It’s not: “I’m going to do something totally out of left field.” Since Bad Boy Bubby, Rolf has never taken a backward step. He’s always gone to something new, something that challenges him. So it’s not a “I’m going to do something right off the wall this time, I’m going to do something unexpected like Alexandra’s Project .” We went from The Tracker, Alexandra’s Project, Ten Canoes, to Dr Plonk.” I mean, it’s, it’s just who he is.
Do you think Rolf de Heer is a particularly macho sort of director?
No, definitely not. No. No. In fact, because he came
At the gym that I train at, there are young guys who go to the movies a lot. They like films with action and car chases and explosions and blood and guts, and not many of them have seen a Rolf de Heer film. Why do you think Rolf doesn’t make films for that demographic?
I can only answer for why Rolf doesn’t make violent, or a different type of genre film, those car chases and smash and grab things. Years ago he was offered a large amount of money, that would have set him up for life, to do one of the Chainsaw Massacre films.
And me included said to him, “Well, why are you not doing this? You’d get a million US or whatever they pay these directors …”
And he said, “Because I can’t show it to my children.”
Now that was that and we’ve never discussed it again. And he knows that I don’t like violence in films, I don’t like mistreatment of children in film. I back off that. I’ve not done some films because, whether it makes any difference to the filmmaker or not, because they have … in the script there is denigration of children. Not interested. “Oh well, this is a demonstration …” No. You can do those demonstrations in real-world documentaries. It’s not in my lexicon, or Rolf’s, to do so.
What do you think an auteur is? And is Rolf de Heer an auteur?
Oh yeah, is Rolf de Heer an auteur? Yes, he is. Absolutely.
And there are only two of them in
It is a very loaded term.
Well used, isn’t it?
It’s well used. And often misused. And sort of misunderstood. The people who coined it, the French critics in the 1950s, were primarily interested in the visual signature of a filmmaker.
Perhaps because after WWII, when they’d been denied
most of the Hollywood films, they were suddenly swamped with
Do you think that Rolf de Heer is an ‘aural’ auteur?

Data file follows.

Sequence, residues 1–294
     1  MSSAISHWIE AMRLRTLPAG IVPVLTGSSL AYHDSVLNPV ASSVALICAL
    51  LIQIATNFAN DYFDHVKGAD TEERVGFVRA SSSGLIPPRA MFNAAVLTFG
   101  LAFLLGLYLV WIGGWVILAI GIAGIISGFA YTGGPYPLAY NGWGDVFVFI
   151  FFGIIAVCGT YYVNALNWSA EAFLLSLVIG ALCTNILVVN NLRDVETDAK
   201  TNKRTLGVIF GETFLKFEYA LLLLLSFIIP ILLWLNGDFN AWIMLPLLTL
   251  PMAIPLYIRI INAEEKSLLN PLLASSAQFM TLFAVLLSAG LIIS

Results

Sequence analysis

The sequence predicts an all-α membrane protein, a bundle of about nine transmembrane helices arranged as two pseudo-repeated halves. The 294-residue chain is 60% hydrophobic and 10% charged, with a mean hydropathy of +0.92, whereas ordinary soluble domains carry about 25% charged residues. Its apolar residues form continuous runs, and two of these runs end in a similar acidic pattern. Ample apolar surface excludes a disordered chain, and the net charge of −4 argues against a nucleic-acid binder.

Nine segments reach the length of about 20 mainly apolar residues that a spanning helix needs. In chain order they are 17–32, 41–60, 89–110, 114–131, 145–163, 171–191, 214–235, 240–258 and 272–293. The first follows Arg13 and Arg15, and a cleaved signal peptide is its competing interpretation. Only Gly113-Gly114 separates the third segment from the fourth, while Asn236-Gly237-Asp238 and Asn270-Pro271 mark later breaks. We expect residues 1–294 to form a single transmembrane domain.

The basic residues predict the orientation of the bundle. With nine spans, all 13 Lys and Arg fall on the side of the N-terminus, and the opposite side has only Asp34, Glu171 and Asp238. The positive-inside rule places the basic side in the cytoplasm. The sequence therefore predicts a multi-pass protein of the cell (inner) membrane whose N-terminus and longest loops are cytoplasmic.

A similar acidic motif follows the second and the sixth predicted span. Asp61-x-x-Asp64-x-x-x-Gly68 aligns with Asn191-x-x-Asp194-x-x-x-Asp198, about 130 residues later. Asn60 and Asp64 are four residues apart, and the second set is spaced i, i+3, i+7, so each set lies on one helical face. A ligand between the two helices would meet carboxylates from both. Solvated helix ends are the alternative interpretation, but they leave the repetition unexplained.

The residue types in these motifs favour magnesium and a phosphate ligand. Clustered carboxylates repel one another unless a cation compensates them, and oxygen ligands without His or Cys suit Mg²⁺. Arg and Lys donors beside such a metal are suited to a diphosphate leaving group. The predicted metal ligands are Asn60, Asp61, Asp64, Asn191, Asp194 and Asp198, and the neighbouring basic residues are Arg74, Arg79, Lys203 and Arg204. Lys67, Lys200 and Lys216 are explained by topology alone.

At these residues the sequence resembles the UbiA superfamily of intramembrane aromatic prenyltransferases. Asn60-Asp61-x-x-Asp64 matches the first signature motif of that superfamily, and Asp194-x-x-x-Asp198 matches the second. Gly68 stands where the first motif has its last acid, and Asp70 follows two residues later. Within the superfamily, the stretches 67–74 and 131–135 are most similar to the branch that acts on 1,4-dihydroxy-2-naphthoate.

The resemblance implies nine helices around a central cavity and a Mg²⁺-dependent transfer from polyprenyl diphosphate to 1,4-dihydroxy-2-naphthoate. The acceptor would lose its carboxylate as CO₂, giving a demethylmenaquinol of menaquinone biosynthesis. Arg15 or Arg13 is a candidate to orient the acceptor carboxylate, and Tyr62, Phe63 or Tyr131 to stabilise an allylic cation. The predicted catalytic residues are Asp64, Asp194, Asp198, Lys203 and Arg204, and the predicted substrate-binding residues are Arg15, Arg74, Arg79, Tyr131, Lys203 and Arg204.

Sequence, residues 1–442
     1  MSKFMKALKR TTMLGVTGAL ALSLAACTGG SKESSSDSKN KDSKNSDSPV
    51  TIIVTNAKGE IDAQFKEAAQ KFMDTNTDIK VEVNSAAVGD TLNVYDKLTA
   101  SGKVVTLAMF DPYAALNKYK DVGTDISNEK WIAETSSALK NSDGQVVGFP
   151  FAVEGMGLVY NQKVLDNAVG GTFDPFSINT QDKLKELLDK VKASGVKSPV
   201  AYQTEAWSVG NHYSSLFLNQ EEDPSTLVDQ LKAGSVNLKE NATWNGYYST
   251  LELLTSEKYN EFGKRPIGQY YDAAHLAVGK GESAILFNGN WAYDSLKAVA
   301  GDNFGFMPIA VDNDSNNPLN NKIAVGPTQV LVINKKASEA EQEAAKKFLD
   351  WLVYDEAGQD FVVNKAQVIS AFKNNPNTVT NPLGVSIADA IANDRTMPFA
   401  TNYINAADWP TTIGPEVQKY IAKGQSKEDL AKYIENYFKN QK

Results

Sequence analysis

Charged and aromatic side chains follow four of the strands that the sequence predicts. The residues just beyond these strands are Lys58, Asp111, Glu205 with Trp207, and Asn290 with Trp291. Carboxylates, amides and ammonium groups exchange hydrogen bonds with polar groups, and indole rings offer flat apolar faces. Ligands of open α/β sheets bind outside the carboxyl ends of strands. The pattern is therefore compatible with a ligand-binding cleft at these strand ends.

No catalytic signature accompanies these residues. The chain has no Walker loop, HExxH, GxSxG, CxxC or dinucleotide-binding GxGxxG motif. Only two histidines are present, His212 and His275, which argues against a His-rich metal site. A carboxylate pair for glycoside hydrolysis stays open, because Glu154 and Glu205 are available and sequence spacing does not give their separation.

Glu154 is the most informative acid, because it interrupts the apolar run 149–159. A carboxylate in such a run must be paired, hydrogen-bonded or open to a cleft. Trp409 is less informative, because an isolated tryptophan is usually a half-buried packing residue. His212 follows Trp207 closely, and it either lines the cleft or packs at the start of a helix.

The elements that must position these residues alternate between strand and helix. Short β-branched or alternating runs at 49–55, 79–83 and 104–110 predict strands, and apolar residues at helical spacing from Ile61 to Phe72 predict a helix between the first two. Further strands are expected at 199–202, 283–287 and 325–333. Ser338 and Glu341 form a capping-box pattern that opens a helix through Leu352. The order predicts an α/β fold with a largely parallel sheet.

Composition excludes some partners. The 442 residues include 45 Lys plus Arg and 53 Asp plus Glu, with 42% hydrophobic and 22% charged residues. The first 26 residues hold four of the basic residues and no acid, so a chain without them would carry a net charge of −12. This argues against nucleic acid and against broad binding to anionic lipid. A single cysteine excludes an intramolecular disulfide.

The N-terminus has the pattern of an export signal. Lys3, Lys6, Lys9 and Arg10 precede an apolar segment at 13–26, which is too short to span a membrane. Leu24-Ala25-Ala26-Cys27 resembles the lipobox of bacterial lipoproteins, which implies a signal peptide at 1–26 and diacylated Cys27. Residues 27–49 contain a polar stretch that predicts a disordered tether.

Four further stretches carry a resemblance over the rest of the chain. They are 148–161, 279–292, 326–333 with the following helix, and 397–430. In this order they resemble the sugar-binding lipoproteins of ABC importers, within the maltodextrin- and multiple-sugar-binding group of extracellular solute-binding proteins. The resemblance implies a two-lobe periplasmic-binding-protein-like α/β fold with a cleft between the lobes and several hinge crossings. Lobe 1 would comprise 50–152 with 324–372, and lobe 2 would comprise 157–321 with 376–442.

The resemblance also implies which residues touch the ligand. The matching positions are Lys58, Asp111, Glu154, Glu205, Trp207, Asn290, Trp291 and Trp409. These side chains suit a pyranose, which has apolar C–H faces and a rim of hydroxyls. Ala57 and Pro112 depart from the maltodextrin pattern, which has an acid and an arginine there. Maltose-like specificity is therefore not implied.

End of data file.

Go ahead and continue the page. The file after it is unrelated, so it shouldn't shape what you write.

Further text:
Yeah. Because, let me give you an example of Rolf de Heer’s measure of the integration of sound. So if he’s an aural auteur . . . this is when we were in South America, with The Old Man Who Read Love Stories, we were having a meeting, a multi-national crew, there are Dutch, there are Belgiums, there are French, there are Australians. And at that meeting, Rolf stood up and says “One more thing, in a lot of this film, the sound is actually more important than the picture.”
I heard the DOP fall off his chair.
And that would have been a stunning revelation to everybody else for Rolf to say publicly what he and I discuss, and of course the Australian sound crew suddenly were walking on air, because the director had stood up in front of the whole 60 or 70 people and said that.
So how does that make him an aural auteur? An auteur of sound?
He’d already heard the jungle. He’d understood its
interrelationships. He understood its interrelationship with the principal
character, which was the old man [Richard Dreyfuss]. He knew how the
jungle affected the old man and the jaguar, and their relationship.
So he was already building those things in his head before we’d even
started. He and I had been to all the locations in
We built up this expectation between us that I’ll
bring back from these locations a catalogue of sounds available. From
The Tracker we came back with about 8 hours of different sounds
of Arkaroola [in
Part of Bruno Starrs PhD: "Aural Auteur: Sound in the Films of Rolf de Heer"
See Bruno Starrs academic publications